30,000 Cameras Can't Be Wrong: Chicago Banks On Surveillance To Solve Violence Problem
from the here's-looking-at-you,-Chicago-[unblinking-eye-pans-to-follow-passing-citize dept
Chicago’s gun violence rate — now in the midst of a long period of decline, never mind what the Attorney General and President say in public statements/tweet — has been a concern for a few years now. The DOJ, before being chased away from policing the police by Jeff Sessions, noted the PD had destroyed its relationship with city residents with unconstitutional policing and an antagonistic attitude. A couple of high-profile shootings of Chicago residents by police officers did nothing to help.
Chicago is the poster child for violent crime, despite its rate of crime being lower than under-the-radar cities like Ft. Worth, Memphis, and Houston. This had led to all sorts of solutions being suggested, including the return of unconstitutional policing (Attorney General), sending in the troops (President Trump), and a sharp uptick in surveillance (the Chicago PD).
The New York Times covers the city’s surveillance expansion under the headline “Can 30,000 Cameras Help Solve Chicago’s Crime Problem?” The answer is unclear, despite the many glowing reviews of the city’s camera network delivered by law enforcement officers and officials. The subhed — “But what does it mean for residents’ privacy?” — is barely discussed.
The network Chicago is deploying involves thousands of hi-def cameras, automatic license plate readers, mugshot databases, and predictive policing software. That the system went online roughly about the time homicide numbers began to decline has prompted praise — perhaps unearned — for the system’s ability to rid the city of its violent crime problem.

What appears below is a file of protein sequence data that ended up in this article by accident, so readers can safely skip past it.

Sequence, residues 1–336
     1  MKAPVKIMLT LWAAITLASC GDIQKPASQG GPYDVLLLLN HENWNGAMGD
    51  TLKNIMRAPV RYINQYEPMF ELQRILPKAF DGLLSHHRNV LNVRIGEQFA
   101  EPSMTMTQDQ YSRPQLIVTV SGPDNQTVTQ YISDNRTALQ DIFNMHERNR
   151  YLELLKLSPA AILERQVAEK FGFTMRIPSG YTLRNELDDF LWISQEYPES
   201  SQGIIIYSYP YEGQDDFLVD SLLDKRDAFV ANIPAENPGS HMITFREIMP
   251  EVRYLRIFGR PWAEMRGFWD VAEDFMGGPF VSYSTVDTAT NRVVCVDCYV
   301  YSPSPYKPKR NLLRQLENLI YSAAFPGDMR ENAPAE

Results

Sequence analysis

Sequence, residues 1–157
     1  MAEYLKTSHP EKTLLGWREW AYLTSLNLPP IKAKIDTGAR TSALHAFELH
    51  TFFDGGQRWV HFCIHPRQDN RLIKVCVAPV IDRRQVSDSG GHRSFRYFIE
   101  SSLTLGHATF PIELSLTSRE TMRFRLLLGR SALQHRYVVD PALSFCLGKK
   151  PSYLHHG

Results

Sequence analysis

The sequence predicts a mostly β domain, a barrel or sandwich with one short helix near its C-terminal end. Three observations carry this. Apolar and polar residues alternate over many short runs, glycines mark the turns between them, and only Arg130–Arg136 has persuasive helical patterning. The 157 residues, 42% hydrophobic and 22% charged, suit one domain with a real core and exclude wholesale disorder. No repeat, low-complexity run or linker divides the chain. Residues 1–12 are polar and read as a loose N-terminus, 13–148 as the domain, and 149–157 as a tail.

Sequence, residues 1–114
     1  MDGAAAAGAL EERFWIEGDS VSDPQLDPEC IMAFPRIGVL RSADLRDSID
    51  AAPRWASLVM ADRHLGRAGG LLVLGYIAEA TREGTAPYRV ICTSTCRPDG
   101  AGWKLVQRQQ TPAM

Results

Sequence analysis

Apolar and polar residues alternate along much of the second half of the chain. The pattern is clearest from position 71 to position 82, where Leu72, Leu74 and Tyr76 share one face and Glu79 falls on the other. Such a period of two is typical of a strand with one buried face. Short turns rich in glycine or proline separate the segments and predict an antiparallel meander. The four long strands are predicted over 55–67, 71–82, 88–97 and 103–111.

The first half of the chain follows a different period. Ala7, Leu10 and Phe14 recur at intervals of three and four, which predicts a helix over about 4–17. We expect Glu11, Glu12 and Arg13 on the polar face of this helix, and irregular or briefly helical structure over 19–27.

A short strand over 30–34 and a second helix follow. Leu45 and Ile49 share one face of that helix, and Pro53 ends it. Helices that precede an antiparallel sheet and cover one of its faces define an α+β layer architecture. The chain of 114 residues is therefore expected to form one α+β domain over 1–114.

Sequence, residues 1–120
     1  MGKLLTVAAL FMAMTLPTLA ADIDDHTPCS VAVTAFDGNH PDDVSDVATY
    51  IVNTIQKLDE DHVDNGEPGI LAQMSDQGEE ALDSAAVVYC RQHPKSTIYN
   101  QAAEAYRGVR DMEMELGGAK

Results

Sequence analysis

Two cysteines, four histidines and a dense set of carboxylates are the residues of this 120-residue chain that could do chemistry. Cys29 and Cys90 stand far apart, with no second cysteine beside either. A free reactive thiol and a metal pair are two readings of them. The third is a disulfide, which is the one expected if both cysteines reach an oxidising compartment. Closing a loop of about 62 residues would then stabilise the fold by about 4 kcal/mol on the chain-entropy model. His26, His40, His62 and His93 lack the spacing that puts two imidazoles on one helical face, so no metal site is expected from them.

The department tested the use of technology in two of its most violent areas in early 2017. When crime began to fall, the department ultimately set aside space in 13 of its 22 police stations for the surveillance centers, which tap into the city’s approximately 30,000 government-operated closed-circuit cameras.
Inside, civilian crime analysts from the University of Chicago Crime Lab — self-described “nerds” who are often learning data science on the fly — and uniformed officers work side by side at computer terminals, scrutinizing crime data as they search for trends.
Much of the technology is similar to equipment used by dozens of police departments around the nation: sensors to detect the location of gunshots, software designed to predict the time and location of crimes and license plate readers that photograph thousands of plates per minute.
Cops like the system. It provides a wealth of information, starting with location of reported gunshots and working from there to bring up arrest records of people in the area and vehicle locations of suspects. Fun stuff for cops. Not so much for the thousands of innocent people who live in heavily-surveilled areas. Predictive policing software’s track record isn’t much better than facial recognition AI. Both have a tendency to generate false positives, but predictive policing allows cops to conjure reasonable suspicion out of ambient temperature, moon stages, and someone’s proximity to known criminals. You may think I’m being facetious, but here’s the receipt.